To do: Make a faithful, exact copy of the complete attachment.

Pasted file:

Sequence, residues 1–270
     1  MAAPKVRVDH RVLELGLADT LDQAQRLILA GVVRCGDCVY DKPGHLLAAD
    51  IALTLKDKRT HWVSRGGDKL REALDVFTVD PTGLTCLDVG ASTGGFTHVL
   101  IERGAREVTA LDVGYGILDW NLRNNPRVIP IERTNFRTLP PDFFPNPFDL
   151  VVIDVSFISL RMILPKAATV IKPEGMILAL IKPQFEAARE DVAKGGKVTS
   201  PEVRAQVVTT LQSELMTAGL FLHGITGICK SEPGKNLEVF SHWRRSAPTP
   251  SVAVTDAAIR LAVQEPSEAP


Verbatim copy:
Sequence, residues 1–270
     1  MAAPKVRVDH RVLELGLADT LDQAQRLILA GVVRCGDCVY DKPGHLLAAD
    51  IALTLKDKRT HWVSRGGDKL REALDVFTVD PTGLTCLDVG ASTGGFTHVL
   101  IERGAREVTA LDVGYGILDW NLRNNPRVIP IERTNFRTLP PDFFPNPFDL
   151  VVIDVSFISL RMILPKAATV IKPEGMILAL IKPQFEAARE DVAKGGKVTS
   201  PEVRAQVVTT LQSELMTAGL FLHGITGICK SEPGKNLEVF SHWRRSAPTP
   251  SVAVTDAAIR LAVQEPSEAP